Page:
Studying abroad is the dream of many an Indian student – and even more, perhaps, of their parents. Academic performance is the most important part of the process, followed by arranging for the funds necessary to pay for both the college fees as well as the cost of living of the person going abroad. This latter is particularly important, since developed countries typically have a much higher cost of living. Anyone who has paid fifty dollars for a haircut that costs fifty rupees in India would immediately attest to the truth of this statement.
But after everything else is in place comes the issue of making the actual payments abroad, or remittances, to use the more technical term.
Typically, the payment would be of two types:
- Payments to the University / College where the student will be pursuing the course
- Living expenses to be transferred from India to a personal Bank account opened by the student in the foreign country.
Further, the method of remittance would also depend on whether the student is funding his own education abroad out of accumulated savings, or whether the same is being paid for through a parent in India. Typically, after the student goes abroad, it is assumed that his family members in India would be administering his bank accounts anyway.
Universities would require the fees to be paid in tranches, typically at the beginning of every semester. This means that while the first instalment of fees would be paid before leaving India, subsequent ones would be paid after the student has left the country.
a. For the initial tuition fee payment, it is advisable to make an International Wire Transfer, which can be made through any Authorised Dealer Category – I Bank. Some Universities may insist on payment through a Demand Draft, which you will have to then physically mail to them; this is also available with most of the Banks mentioned in the list above.
b. You may also make the payment through Credit Card if the University offers the option. However, keep in mind that the charges are usually higher for a Credit Card usage than for a Wire Transfer, unless the amount involved is fairly low. Generally speaking, if you are being asked to send 500 dollars or less, you can use a credit card, but anything higher than that it would be advisable to opt for a Wire Transfer.
A student travelling abroad is allowed to carry upto three thousand dollars in cash and a total of ten thousand dollars overall, including travellers cheques or prepaid travel cards. For the initial expenses after landing, these funds will come in useful until the student is able to open and operate a bank account.
a. Once the Bank account is opened, the student’s parents can transfer funds to his account using the International Wire Transfer as mentioned in the previous section.
b. Alternately, if the student is using his own funds, the account would be converted to an NRO account at the time of departure from India, and the parent can operate the same if he / she is a joint holder or has a mandate to operate the account.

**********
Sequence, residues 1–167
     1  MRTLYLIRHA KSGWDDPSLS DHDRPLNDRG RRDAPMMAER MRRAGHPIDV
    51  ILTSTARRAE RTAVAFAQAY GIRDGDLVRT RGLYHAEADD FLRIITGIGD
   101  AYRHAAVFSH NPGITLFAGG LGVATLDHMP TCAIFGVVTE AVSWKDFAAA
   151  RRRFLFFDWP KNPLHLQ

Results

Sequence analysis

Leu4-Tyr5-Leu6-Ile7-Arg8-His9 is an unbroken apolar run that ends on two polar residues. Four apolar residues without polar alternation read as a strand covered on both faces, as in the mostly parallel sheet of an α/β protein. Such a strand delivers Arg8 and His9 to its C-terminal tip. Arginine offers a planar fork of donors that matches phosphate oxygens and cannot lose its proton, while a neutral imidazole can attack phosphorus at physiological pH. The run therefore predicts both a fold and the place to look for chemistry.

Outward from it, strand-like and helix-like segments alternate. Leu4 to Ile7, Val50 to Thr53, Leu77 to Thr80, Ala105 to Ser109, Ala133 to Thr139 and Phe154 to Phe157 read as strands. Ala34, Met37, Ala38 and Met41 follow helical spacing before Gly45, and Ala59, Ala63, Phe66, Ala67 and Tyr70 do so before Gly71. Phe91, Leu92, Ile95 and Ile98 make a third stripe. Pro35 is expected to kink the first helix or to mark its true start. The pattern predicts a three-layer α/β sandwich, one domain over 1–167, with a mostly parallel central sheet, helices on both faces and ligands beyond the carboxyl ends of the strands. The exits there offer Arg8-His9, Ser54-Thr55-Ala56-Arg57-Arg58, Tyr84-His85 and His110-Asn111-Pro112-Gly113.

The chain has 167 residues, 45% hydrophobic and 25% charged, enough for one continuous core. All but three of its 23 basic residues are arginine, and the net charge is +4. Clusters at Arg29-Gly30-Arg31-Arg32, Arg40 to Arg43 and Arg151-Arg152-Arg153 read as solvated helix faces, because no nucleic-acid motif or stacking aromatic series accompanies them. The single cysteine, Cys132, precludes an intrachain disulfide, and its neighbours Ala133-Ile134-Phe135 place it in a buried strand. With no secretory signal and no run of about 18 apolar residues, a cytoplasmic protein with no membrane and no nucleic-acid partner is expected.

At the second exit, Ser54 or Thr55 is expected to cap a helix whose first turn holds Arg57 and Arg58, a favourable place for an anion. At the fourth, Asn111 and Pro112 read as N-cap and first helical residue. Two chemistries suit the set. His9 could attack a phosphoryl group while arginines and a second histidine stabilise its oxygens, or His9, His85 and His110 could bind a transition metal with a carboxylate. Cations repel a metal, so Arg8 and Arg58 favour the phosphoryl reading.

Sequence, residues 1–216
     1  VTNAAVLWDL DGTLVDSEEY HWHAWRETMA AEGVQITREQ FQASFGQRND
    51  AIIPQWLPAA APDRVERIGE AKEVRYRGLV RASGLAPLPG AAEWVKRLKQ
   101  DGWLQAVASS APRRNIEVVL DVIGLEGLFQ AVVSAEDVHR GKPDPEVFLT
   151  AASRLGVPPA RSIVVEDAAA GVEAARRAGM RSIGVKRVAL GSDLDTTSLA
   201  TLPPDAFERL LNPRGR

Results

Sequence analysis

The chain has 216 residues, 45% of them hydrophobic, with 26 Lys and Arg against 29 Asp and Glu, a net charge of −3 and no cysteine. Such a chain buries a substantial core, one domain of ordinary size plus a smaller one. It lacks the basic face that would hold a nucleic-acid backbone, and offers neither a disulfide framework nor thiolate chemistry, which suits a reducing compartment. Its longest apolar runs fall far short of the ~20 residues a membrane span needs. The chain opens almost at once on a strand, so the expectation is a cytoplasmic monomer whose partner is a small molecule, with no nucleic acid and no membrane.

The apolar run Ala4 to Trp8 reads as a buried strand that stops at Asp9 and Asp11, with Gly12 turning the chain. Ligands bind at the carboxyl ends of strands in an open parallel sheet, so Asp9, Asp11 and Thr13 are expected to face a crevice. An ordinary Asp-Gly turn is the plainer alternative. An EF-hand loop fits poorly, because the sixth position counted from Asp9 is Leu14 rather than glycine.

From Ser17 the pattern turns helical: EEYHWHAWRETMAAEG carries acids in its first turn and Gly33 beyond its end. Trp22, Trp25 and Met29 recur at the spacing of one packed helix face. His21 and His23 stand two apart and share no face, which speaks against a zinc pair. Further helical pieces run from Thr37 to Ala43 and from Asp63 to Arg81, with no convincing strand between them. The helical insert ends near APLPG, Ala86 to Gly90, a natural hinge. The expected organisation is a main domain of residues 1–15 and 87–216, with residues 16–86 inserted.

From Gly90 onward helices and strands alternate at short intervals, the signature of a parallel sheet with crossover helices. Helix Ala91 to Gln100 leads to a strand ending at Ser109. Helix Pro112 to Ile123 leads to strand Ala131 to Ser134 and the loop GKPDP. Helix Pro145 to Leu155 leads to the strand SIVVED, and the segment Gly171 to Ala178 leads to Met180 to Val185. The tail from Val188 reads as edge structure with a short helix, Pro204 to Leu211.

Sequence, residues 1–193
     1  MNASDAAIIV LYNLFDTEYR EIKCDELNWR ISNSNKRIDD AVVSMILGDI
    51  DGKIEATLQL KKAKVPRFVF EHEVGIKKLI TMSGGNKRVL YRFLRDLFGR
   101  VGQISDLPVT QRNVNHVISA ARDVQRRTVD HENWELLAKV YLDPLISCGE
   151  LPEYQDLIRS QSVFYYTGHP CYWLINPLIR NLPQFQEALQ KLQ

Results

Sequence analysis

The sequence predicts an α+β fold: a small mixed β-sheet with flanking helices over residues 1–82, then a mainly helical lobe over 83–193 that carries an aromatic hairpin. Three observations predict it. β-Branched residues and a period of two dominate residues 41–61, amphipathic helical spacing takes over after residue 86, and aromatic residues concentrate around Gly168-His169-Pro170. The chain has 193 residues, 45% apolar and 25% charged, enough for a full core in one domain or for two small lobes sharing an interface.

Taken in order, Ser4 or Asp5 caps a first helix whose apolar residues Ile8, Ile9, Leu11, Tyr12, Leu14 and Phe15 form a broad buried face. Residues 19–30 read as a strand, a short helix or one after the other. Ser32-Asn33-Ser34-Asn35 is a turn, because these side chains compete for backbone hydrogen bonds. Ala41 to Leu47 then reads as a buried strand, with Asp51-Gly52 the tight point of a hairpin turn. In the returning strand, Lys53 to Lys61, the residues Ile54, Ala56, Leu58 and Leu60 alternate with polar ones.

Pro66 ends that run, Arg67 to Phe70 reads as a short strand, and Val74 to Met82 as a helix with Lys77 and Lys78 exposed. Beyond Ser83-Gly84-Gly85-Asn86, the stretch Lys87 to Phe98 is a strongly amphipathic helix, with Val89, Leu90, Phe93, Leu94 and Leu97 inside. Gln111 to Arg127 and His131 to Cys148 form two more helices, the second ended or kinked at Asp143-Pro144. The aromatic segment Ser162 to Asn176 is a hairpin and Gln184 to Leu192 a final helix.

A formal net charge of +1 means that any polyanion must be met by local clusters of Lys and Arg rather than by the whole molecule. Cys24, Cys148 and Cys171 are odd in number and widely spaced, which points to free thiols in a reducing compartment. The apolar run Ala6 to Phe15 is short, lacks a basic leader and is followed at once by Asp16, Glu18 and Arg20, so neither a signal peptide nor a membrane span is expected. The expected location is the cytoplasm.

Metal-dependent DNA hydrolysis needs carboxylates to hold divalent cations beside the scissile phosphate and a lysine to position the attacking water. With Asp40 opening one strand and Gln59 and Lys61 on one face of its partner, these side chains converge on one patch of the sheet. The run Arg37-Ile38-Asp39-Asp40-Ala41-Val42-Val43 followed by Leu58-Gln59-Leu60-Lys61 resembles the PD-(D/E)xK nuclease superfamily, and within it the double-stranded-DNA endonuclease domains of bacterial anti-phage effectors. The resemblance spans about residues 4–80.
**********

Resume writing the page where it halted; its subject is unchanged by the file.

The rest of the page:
However, it is easier to transfer funds from a resident account for this purpose.
Subsequent tuition fee payments
After the student has settled in the foreign country, he may fund subsequent cost of education in many ways. To the extent that he still requires funds to be sent from India for this purpose, either of the options mentioned in the previous section may be used.
Keep in mind, however, that India is a country subject to exchange control regulations. Presently, a resident Indians may send upto USD 250,000 (or equivalent in other currencies) abroad for any permissible purpose under a scheme known as the LRS, or Liberalised Remittance Scheme. The limit is an annual limit (April 1 – March 31). Also, this limit is not exclusive to education, so if funds have already been sent for any other purpose by the remitter, the limit would be reduced to that extent. In case a higher amount is to be sent, the Bank can allow for the same provided you are able to provide documentary evidence such as a Fee schedule clearly showing the necessity for sending a higher amount.
When making a remittance, also keep in mind that:
- You are subject to multiple laws, of which the Foreign Exchange Management Act (FEMA) is only one.
- Ensure you fully discuss your remittance needs with your banker and
- Whatever you do, keep a margin of at least fifteen days from the last date of payment of fees before initiating the process. International remittances take time; upto 3 working days for even the most common currencies. Due to time zone differences and the plethora of laws affecting these products, the time taken for processing can also be longer than for an ordinary transaction.
With all these caveats, it must be added that the remittance for education is one of the most common and streamlined processes, and while you should pay due care to it, do not let it intimidate you – your priority is to study, not worry about the money!